Marvel’s Legacy books have brought their stories back to the start to various degrees. In some cases, the throwback is subtle, in others we literally see the first Avengers team in the age of dinosaurs. More than anything, these new stories capture the essence of what their characters are. For THE INCREDIBLE HULK #710, writer Greg Pak had brought the newest person to use the Hulk name back to the place that redefined what the Hulk could be.
Planet Hulk is not so arguably the most pivotal Hulk story of all time. Before that, Hulk was a character who was iconic, without many iconic stories. Dropping Bruce Banner on the desolate Sakaar and forcing him to fight in an alien arena redefined his role as it pinned him against several enemies on his level. This new arc takes the Green Goliath back to Sakaar with the added twist that there’s a new young scientist behind the controls.
For a while, Amadeus Cho’s definitive quirk was that he had full control of himself in Hulk form and actually had a lot of fun when it came to smashing. Most of that aesthetic has gone out the window on Sakaar. Against these almost Hulk-level enemies and weakened from the jump between planets, Amadeus has to rely on The Hulk to survive, which in this case means giving it full control the way Banner had to for years whether he wanted to or not. It’s a solid direction for fans who lamented the idea of a plucky Hulk, and really brings the character to a place more nihilistic than ever. Amadeus set out to make the Hulk fun and he failed. Now he’s heading down the path of his predecessor.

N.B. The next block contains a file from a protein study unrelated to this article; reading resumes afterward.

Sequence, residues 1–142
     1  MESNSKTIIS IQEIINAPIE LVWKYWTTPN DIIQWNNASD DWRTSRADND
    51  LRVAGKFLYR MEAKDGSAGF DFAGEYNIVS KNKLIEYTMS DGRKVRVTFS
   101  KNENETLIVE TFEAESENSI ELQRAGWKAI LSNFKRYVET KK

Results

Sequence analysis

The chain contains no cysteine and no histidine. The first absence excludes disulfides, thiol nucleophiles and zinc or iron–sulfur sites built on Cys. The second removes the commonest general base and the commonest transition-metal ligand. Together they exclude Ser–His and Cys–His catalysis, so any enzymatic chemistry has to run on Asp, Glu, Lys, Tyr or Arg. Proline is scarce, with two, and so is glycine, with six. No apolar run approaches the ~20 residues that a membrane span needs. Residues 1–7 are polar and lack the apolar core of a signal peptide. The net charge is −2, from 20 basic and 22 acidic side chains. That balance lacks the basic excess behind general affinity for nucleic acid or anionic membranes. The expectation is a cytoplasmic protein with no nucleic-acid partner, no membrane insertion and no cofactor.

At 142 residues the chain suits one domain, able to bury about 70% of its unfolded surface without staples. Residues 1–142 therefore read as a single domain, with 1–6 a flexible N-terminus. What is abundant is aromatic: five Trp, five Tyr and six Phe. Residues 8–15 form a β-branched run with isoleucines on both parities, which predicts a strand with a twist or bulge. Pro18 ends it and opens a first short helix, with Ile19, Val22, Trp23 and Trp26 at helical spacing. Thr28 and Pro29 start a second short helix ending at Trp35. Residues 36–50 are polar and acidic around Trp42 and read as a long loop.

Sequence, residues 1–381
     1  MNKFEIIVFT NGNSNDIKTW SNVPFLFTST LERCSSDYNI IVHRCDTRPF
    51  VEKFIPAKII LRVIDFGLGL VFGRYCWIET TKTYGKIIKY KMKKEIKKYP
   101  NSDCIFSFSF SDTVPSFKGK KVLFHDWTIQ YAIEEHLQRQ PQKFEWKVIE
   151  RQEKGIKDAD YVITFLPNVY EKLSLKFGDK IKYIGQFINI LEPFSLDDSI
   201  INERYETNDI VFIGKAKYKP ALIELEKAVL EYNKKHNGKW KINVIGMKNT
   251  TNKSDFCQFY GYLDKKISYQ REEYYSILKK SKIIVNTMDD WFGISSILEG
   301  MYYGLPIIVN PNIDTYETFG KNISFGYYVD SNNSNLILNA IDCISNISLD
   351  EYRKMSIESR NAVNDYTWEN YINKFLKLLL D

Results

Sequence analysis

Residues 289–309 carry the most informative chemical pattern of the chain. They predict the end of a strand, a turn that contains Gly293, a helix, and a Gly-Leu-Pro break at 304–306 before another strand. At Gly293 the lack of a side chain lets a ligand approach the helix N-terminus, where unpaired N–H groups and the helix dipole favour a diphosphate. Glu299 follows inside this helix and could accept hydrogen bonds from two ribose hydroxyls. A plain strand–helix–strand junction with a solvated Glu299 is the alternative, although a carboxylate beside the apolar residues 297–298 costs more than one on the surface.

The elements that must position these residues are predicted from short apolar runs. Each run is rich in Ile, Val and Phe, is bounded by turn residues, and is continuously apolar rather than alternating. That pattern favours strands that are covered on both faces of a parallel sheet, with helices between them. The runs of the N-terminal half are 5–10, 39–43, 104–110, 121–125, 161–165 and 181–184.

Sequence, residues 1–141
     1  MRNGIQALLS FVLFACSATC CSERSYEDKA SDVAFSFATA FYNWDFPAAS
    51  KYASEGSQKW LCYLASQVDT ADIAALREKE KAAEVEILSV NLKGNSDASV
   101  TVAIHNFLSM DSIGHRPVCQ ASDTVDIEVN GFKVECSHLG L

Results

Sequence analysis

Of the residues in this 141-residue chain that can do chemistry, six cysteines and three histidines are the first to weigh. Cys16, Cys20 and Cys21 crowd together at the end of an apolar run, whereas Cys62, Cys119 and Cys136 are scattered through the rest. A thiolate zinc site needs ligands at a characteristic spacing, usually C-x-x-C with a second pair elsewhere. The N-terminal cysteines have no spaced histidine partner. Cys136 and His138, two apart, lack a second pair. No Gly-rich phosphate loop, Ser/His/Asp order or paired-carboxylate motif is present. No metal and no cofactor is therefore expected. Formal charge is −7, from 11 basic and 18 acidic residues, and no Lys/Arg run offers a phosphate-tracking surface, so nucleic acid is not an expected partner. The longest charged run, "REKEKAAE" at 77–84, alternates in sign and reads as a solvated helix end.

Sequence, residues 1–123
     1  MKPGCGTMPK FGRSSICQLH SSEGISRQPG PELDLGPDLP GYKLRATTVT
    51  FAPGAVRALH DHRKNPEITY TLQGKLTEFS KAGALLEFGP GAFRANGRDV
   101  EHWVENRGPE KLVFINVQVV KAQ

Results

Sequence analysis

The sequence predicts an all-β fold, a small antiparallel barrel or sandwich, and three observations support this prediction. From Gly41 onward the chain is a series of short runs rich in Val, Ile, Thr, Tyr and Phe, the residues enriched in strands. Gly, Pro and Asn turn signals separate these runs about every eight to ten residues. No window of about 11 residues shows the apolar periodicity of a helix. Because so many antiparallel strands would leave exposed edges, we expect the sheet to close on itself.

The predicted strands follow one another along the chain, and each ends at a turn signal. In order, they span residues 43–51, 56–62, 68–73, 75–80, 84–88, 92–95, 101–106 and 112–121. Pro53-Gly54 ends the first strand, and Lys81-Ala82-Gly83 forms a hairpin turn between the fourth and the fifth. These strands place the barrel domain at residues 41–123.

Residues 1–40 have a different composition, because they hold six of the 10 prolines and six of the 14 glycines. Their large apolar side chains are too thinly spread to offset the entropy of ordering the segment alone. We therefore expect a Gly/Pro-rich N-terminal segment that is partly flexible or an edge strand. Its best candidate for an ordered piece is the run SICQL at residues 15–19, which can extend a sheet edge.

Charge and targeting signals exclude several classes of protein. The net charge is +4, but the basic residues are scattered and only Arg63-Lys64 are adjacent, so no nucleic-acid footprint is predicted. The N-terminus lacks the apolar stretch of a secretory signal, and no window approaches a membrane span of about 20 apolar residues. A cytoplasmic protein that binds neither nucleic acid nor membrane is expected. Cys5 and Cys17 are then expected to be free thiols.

Greg Land’s pencils are clean while still conveying the grit of the situation. The action-packed superhero book is becoming more rare in this age of creator-owned works that put story before action, but Land conveys the explosive movement of a superpowered arena with all the intensity you’d expect. The book also features colors by Frank D’Armata, whose use of red on the people of Sakaar contrasts with Hulk’s green to create an “us vs. them” vibe.
Overall, the issue doesn’t do much to captivate. More than anything, we get 20 pages of familiar action and a predictable cliffhanger, which sort of defeats the purpose of a cilffhanger. It will be interesting to see how the Return to Planet Hulk evolves from here, but for now the story doesn’t feel like a follow up as much as a rehash.
(W) Greg Pak (A/CA) Greg Land